“Weavers are prominent among the Muslims of the lower line. Most of them demand that wrongful rights be included in the Sheikh caste. In the same book, he further writes, “in 1911, the census officer of Bihar, referring to the flood of records in this regard, wrote that the weight of the applications seeking to be graded among the upper castes in the weight of their castes was increased. This aggressive entry was seen not only among Hindus but also among Muslims. In the same report, it was said that between 1901 and 1911, Muslim Rajput suddenly started calling themselves Pathan; 'Khan' replaced 'Singh'. On the other hand, all the lower caste Muslims, weavers (Momin/Ansari/Julaha), washer man (Dhobi/Hawari), Barbers ( Hajjams /Nai), oil pressures (Telis), etc. started aspiring for the status of Sheikh themselves.” (Ibid, P.99)

Census of India 1911 states,

There are also extraordinary variations in the figure for Musalmans. This is due to the late government of eastern Bengal and Assam allowing Jolahas to return themselves as Sheikhs, Pathans, etc. it is on this account that the Jolahas have decreased by 10 percent; while the Sheikhs have added 14 percent and the Pathans 18 percent to their numbers. The Ajlaf again has a loss of over two-thirds, which is due to the term has lost popularity. It is a designation for those miscellaneous groups which do not belong either to the functional or racial classes of Musalmans. It is now rejected by the low Musalman classes whose aspiration is to be called Sheikhs. At the last census, nearly 285,000 persons were returned as Ajlaf in Khulna; the number is now reduced to 445. There is a corresponding rise in the number of Sheikhs.”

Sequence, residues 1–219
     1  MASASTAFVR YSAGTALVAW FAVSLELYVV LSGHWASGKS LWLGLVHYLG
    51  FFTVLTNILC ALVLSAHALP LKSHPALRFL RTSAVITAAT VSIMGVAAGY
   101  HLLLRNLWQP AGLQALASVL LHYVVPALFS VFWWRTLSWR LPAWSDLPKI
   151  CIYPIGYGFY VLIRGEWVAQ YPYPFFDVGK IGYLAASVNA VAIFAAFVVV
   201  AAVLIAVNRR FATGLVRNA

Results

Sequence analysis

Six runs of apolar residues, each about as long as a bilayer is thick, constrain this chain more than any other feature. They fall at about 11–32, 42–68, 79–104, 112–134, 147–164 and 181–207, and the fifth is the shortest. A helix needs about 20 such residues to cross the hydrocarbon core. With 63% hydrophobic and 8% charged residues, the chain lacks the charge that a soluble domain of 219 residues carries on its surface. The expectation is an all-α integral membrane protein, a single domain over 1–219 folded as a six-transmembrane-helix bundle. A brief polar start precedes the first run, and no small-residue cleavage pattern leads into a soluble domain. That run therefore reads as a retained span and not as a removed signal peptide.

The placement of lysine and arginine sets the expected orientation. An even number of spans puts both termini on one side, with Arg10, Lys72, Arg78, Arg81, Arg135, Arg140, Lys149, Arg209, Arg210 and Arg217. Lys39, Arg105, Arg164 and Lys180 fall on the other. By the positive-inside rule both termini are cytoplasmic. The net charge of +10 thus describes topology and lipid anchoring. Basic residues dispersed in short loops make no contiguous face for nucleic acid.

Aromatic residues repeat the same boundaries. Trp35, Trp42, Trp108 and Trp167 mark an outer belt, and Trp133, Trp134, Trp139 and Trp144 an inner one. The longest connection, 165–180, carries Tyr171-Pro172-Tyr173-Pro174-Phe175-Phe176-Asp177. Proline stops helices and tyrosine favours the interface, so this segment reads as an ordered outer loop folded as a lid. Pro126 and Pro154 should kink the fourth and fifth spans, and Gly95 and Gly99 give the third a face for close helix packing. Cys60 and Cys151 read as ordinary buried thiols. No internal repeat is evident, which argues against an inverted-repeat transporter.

There are various other examples of Sheikhisation among Muslims (See, Misra, 1985, Ansari, 1960, Rayeen, 2013a, 2018b) where lower-caste Muslims themselves claimed to be a Sheikh and losses their original identity. For this act, many of them are still unable to get OBC status. Since no caste census was conducted after independence we do not know whether this trend continued or stopped. The Mandal Commission report also was based on the data of the 1931 census. However, the increased number of Muslim OBC castes in the list indicated that the phenomenon of Ashrafisation and Sheikhisation might be reversed into De-Ashrafisation/De-Sheikhisation or at least stopped.